As I’ve grown older(ahem, more mature) I’ve become an expert in topics that I would never have thought that in a million years I would become. For ex., spackling expert never came to mind when I was at my first real job interview and the interviewer(a doctor) asked me what goals I had for the future. It’s a “dream squashing” question because in reality, your goal fresh out of college is to make some dough, any dough, to put a minuscule dent into your college loans. I answered with some scripted thing I rehearsed at home, and got the job. I didn’t learn any spackling techniques working for the doctor, but somehow, in my forties, I can expertly patch any drywall hole that child, husband, friend of child, and brother-in-law has created in my house or someone else’s house for that matter.
I’m almost as good at spackling as I am at interpreting my kids’ idiosyncrasies. A single squinting of the eye, twitching of a finger or slight tonal change in the voice, from a B sharp to a B flat, and I can predict a meltdown brewing. In my twenties my radar was attuned to more important matters like spotting a real deal at a sample sale and quietly celebrating when it had been completely overlooked by everyone. I swore that when I became a mom, I would never dress in sweats or let my natural nails show.
When I was at Lunardi’s, my local grocery store, another expertise of mine came to light. My way younger self would have scoffed at the idea that my future self would become so comfortable with this topic. But I felt like a rock star, for a moment, as I talked with the butcher about different cuts of pork. He looked at me with admiration, as I asked for pork belly, which wasn’t on display. Normally, I buy pork belly at the Asian markets, but I thought I try out our local butcher. He explained to me that they kept pork belly in the back to make bacon, but that I was the first customer to ask for it. By this time, a small audience of moms and lost fathers gathered around me, as I went into teacher mode, describing the different cuts of pork, and what I was planning on doing with pork belly. I stopped myself short before asking for pig feet from the butcher. Even I know, there are limitations.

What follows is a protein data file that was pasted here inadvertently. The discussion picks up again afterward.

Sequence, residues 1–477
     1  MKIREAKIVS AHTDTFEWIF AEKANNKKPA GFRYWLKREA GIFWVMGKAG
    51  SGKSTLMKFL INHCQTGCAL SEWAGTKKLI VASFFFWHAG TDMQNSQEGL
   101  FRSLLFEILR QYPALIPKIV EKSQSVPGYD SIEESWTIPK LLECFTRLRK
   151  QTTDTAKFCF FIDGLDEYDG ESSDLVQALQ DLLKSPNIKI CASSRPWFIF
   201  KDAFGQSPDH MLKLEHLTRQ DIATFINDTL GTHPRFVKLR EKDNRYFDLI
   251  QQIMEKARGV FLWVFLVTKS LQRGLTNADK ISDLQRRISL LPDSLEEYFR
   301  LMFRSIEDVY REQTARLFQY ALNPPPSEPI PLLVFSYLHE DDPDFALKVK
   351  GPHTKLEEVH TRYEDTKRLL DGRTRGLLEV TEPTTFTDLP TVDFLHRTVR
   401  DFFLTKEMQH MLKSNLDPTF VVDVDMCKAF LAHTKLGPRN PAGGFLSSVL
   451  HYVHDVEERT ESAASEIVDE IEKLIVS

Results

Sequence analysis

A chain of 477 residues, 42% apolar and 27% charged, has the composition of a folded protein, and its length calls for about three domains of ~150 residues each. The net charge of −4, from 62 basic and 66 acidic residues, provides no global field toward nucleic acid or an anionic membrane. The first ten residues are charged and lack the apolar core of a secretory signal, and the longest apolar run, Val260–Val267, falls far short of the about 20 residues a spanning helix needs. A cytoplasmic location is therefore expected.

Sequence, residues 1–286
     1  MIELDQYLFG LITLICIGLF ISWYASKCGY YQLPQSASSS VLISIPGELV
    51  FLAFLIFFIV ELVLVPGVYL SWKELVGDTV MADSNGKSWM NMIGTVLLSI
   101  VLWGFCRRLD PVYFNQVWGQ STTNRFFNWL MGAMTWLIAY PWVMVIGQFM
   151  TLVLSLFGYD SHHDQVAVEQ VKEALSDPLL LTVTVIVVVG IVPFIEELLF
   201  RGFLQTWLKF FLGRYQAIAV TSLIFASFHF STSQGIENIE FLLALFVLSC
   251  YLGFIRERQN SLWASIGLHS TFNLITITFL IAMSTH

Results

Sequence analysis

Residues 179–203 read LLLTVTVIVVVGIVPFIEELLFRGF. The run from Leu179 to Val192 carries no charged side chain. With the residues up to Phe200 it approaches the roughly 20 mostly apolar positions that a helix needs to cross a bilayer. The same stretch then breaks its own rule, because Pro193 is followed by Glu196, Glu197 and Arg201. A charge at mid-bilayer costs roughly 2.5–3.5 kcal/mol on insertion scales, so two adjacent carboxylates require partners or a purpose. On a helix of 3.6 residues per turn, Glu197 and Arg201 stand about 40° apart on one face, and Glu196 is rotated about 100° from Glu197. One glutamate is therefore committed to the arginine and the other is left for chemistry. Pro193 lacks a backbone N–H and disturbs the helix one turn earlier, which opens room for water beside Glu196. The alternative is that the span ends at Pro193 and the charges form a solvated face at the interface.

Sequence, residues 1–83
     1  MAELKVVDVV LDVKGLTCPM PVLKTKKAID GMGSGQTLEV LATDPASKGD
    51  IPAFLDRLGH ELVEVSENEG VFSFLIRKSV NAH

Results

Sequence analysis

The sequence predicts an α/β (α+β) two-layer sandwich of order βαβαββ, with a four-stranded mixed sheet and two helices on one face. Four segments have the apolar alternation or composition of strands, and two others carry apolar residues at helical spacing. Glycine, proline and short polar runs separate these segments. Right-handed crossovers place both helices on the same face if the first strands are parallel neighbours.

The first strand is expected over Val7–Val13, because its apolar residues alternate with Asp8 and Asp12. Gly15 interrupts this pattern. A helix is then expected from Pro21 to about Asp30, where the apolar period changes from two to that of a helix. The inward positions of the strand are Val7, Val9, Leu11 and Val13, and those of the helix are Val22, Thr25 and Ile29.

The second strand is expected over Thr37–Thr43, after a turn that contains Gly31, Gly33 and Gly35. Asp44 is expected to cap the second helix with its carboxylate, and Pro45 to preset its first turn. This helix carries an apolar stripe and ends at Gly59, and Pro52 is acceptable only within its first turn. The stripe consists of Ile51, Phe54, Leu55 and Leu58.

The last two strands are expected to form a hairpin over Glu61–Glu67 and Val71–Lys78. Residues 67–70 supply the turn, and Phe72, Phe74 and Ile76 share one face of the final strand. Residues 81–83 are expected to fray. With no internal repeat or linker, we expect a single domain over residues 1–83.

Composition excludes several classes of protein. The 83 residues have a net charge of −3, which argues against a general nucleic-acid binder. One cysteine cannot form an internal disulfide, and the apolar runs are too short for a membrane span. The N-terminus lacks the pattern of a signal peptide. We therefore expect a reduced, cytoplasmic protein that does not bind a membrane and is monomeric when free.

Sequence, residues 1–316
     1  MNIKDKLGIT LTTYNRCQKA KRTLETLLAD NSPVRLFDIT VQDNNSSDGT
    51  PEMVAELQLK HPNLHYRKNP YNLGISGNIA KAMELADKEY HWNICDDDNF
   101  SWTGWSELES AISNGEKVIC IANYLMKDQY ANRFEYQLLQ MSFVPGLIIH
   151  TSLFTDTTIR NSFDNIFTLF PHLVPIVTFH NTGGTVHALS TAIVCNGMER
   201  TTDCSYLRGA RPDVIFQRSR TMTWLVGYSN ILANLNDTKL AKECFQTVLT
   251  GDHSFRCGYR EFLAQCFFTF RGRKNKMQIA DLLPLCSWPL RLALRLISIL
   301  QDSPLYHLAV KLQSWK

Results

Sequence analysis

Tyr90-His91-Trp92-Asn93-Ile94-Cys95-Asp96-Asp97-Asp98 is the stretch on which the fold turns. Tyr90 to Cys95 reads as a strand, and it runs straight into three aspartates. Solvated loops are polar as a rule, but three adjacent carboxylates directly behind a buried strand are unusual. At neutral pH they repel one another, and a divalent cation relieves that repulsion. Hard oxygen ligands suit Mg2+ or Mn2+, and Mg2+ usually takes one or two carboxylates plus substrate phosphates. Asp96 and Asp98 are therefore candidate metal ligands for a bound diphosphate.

Immediately throw out the brine the pork belly was cooked in or you’ll end up with a gigantic congealed mess. Dry and once cooled, keep in fridge for at least a day. Besides being easier to slice when cold, doing it in advance makes taco making a quick meal.
When you’re ready to make tacos, take out the pork belly, slice into small pieces and crisp them up in a pan. Place on a grilled corn or wheat tortilla and top with pickled radishes, queso fresco, cilantro, and hot sauce. Or anything else you fancy.
- 2.5 lb pork belly
- 1/2 c miso
- 1/4 c sherry
- 1/4 c sugar
- 1 in knob of ginger
- 5 cloves of garlic
- 1 tbs whole black pepper corns
- 1 tbs soy sauce
- 6-8 corn or wheat small tacos
- Toppings: queso fresco, cilantro, pickled radishes, scallions, hot sauce(kochujang sauce or sriracha)
- Place pork belly in a pot that is just big enough to accommodate the pork.
- Pour water into pot so that the pork is submerged halfway.
- Add ingredients 2-7 into the pot. Add more water so that the liquid level comes just to the top of pork.
- Bring to a boil, and then lower heat to a simmer. With a spoon, break up the miso so it can fully dissolve.
- Simmer for 2 hours.
- Take pork belly out of liquid, (Throw out the braising liquid.) Dry on a paper towel. Cool and refrigerate.
- Pork needs to be in the fridge for at least two hours. (All this can me made ahead up to this point.)
- When ready to make tacos, take out pork and slice into small pieces.
- Saute in a dry pan for 2 minutes on medium heat. Be careful as the pork may pop on you.
- Grill 6-8 tortillas. Place pork on top of tortillas. Toppings are optional but the ones used here are queso fresco, cilantro, scallions, sliced red chili peppers, pickled radishes, and kochujang sauce.